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TECHNOLOGY

Children &

Smartphones:

A good or bad combination?

A

re smartphones bad for kids? Before we get into this, let’s make peace with one simple fact - smartphones aren’t going anywhere. It’s like rain, instead of trying to stop rain for good we instead invented umbrellas and roofs to avoid getting wet. Smartphones are just like rain - they have their uses but too much can become hazardous to life. Whether smartphones are good or bad for children is a loaded question and to answer it fully, we must consider a variety of variables:

Time:

If a child is spending all of their free time glued to the screen of a smartphone, then it doesn’t take a genius to realize this is a bad thing. Too much screen time means that children aren’t engaging in other more substantial activities enjoy bonding with others and exercise. The AAP (American Academy Of Pediatrics) suggests that children under 6 should have at most an hour of screen time a day and then from there a very limited exposure. I should note here it that while a plethora of medical bodies suggest guidelines for children and screen time, it also matters what they watch during that time.

An hour of intellect building games such as Sudoku or reading books will be more beneficial than say, perhaps, Peppa Pig episodes.

While there is no way to fully protect your child from the blue light in their screens, limiting the time exposed to it can cut down on any health problems.

Environment:

Where a child spends their screen time and the setting is also of great importance. Watching a screen with other children in a classroom is better than alone in a dark room. In a classroom a child is not only still socializing with others but the screen is most likely in a corner of the room. In a room alone, the child is completely immersed, unsupervised with the screen very close to their eyes.

Eye Health:

Opthamologists (doctors who specialize in eye care) have recently been noticing a dramatic increase in dry eye and eye strain in children. They have attributed a lot of this eye damage to the blue light that the LED screens of our phones emit. To take you back to science class for a sentence or two, light is made up of different lengths of waves that emit energy. Blue light is a short wave that emits a lot of energy...straight into your child’s eye!

Safety:

When we hand a child our smartphone we naturally think they will be doing normal child stuff - like playing games or taking silly pictures. We don’t imagine a predator may be trying to contact them. There are many apps these days that afford predators the opportunity to contact children who naively think they are just making friends. Adults must take every precaution available to ensure that while their child is on their smartphone, they are safe and away from negative proclivities of others. This doesn’t just stop at predators, adults need to consider that their child is being targeted by online bullies a.k.a “Cyber Bullying” In conclusion, there is no real answer for whether smartphones are good or bad for a child. More so, the real question is “what can one do to ensure a child’s time spent on a smartphone remains as positive as possible?”

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FINANCE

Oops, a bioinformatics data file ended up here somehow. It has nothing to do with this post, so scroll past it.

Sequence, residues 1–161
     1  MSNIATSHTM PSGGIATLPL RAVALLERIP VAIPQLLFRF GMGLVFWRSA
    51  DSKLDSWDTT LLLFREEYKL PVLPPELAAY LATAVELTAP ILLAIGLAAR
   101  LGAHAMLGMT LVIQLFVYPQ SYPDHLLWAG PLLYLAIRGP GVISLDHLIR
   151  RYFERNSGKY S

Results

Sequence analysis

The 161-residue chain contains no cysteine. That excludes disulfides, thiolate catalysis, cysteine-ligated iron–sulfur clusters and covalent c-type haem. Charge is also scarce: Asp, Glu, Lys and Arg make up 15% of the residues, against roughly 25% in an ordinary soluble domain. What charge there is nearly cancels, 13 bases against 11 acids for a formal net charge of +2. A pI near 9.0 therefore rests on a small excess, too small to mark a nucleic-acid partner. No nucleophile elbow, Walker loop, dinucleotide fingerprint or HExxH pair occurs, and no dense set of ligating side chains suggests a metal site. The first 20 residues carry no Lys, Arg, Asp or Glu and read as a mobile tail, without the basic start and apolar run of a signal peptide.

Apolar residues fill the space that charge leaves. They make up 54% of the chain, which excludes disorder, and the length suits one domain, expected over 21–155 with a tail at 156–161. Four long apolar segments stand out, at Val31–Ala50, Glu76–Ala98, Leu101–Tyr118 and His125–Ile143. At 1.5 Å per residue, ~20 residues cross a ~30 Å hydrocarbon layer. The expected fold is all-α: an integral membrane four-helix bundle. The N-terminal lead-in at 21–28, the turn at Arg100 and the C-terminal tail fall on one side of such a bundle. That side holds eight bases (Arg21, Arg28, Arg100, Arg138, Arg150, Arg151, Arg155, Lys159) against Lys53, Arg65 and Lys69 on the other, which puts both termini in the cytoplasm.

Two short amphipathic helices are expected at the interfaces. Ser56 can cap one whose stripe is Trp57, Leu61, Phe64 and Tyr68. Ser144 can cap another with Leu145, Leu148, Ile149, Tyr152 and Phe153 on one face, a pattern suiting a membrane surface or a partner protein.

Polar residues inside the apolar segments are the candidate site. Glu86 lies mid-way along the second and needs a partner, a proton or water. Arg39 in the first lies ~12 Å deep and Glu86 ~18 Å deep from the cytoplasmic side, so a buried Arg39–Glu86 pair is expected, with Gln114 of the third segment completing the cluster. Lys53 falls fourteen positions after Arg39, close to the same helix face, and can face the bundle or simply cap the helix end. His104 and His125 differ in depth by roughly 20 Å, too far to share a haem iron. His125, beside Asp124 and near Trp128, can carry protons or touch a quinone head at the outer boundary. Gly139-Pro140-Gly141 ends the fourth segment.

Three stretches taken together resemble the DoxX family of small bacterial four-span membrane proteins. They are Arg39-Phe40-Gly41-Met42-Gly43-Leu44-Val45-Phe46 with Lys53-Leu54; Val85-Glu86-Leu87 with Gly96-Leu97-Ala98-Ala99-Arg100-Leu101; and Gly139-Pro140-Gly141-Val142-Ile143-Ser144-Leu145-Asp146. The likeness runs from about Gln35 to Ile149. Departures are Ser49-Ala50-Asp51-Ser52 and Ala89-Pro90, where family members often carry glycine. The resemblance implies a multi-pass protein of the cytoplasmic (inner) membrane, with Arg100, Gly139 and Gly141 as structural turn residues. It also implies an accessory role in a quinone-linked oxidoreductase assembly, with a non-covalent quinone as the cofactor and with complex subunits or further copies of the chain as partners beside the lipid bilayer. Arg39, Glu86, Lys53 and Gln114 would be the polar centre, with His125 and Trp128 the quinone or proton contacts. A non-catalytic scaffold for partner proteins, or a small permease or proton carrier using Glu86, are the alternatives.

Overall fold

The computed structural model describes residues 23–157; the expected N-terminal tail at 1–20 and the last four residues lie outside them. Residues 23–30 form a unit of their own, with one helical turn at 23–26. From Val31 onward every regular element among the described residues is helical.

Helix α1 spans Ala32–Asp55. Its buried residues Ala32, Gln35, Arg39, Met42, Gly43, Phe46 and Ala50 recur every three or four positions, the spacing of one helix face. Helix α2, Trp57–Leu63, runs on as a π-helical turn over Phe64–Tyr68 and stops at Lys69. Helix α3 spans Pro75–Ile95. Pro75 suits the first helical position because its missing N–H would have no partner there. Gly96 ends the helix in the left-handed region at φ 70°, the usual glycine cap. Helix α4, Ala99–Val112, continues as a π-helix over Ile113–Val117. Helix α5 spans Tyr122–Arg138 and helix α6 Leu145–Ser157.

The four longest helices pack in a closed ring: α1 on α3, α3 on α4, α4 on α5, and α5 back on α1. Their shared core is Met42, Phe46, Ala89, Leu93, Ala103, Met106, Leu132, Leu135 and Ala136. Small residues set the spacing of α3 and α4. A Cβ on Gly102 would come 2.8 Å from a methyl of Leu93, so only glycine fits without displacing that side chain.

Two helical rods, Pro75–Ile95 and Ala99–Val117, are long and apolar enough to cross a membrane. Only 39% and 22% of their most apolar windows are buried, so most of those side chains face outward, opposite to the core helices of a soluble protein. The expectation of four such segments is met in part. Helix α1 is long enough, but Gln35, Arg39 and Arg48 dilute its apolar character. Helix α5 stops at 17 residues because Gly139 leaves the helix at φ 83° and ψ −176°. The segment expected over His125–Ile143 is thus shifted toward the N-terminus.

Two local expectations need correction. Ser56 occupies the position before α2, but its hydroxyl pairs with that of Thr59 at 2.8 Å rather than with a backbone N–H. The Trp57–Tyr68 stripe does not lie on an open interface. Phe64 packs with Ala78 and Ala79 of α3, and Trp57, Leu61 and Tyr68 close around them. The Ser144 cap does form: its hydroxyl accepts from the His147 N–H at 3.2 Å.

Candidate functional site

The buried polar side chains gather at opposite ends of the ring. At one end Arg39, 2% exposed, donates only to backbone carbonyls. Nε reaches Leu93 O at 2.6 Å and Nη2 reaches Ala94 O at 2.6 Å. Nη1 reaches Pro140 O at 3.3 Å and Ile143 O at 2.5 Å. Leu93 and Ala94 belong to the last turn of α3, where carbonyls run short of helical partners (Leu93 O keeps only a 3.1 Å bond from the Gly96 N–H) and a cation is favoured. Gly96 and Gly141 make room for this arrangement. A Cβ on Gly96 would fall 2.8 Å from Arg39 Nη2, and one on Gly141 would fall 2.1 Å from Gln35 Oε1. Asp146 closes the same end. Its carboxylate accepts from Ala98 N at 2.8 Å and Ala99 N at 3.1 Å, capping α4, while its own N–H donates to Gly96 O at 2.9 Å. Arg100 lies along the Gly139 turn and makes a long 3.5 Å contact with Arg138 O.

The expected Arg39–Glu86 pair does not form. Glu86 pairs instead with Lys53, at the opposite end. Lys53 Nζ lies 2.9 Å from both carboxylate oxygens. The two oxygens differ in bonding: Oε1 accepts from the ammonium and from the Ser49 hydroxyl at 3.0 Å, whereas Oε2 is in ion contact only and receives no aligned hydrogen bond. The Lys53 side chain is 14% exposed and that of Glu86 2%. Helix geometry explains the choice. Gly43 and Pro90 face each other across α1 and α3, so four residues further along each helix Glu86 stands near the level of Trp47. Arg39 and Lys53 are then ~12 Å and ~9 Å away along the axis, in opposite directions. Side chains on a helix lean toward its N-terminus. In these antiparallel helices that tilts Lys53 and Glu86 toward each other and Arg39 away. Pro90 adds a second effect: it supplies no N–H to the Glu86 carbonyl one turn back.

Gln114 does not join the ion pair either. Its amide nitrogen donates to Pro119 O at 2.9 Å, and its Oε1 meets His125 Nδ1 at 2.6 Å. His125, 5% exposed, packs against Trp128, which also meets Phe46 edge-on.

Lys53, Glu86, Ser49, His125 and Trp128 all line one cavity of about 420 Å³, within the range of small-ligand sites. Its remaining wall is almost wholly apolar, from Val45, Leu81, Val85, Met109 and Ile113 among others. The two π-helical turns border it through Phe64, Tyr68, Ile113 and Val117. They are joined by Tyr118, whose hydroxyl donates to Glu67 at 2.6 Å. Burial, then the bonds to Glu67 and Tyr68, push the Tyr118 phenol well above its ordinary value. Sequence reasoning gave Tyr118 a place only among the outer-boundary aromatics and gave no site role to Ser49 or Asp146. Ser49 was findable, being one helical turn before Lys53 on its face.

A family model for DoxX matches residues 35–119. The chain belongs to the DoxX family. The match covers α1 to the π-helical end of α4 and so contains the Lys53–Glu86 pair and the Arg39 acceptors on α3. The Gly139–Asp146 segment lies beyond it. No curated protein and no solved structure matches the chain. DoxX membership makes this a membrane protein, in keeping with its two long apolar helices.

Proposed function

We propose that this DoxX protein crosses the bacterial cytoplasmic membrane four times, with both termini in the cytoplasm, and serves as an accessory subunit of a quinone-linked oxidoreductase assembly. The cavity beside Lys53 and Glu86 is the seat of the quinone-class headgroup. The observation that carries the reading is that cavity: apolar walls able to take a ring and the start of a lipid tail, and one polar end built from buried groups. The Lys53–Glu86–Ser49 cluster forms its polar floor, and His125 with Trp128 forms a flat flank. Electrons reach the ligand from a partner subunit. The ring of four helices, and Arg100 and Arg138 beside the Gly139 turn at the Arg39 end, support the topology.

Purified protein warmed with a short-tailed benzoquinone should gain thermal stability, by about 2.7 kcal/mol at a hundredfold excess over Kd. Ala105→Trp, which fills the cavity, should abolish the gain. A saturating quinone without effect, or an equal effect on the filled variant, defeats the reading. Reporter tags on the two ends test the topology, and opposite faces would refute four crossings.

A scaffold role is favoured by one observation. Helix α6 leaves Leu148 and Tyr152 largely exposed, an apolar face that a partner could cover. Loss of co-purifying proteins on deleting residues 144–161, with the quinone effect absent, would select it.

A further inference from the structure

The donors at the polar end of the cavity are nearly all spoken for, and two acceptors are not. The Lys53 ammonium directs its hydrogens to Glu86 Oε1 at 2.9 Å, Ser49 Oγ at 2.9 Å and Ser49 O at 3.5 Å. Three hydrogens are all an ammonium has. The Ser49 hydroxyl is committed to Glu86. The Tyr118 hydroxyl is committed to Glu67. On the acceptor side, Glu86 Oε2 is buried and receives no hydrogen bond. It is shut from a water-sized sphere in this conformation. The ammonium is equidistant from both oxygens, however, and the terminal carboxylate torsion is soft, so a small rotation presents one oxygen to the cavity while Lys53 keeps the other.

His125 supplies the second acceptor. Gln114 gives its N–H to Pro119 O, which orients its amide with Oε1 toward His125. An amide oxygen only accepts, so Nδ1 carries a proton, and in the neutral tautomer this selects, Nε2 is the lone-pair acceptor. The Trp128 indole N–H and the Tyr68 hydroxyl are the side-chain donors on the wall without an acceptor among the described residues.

The Financial Value of

CDs or Bonds as Investments

T

he actual real answer to this puzzle is that it depends. Sometimes the market, as volatile as it can be, forces you to settle for the CDs (Certificates of Deposit) and bonds which settle as safe havens. These two types of investments usually entail lower levels of risk compared to the other forms of investments such as stocks. However, the brighter side to the CDs and bonds investments is that they also produce interest income. Only not at the same rate as stocks and other types of investments do. CDs and bonds are also not as identical as some people may think them to be. Plus, the same events can also affect them such as rising interest rates or changes in the market. So, to determine whether you need to have either or both forms of investments in your portfolio, you need to understand each of them.

Measuring CDs and bond returns

As mentioned earlier, these two types of investments operate differently with generating returns. The two also affected differently by the current interest rate environment. So, it is best you don’t confuse the two to be one thing. When, for example, the rates of the Federal Reserve Institutes hike, you find that

banks increase their CD rates correspondingly. What this means is that a higher rate equally translates to more interest being earned. Just, when the interest rates go low, then the rates on the CDs will drop. This means that there are lower yields for investors. Investors who put their money in CDs always pray for the interest rates to rise and keep rising. However, the same isn’t necessarily the case for the bond investors. With bonds, it works inversely with interest rates. To mean that when the interest rates go low, then the bond prices will shoot high. And when the interest rates rise, the bond prices plummet. So, if you are an investor of bonds in a rising rate environment, then you should expect your bond prices to decline. You may also be interested in knowing that bonds aren’t all affected equally by the rising rates. By this, we mean that the longer maturity term bonds felt more impact than the shorter maturity term bonds. Take a 10-year bond, for example. These bonds are usually more sensitive to any changes in the interest rates compared to the 2-year bonds. Inflation is also another factor to consider in both the CDs and bonds investments. When inflation rises, higher CDs returns have trouble keeping up. And the rising consumer prices can also potentially impact negatively on the return rates of bonds. So, when you combine inflation and rising rates, the bond investors get a double whammy.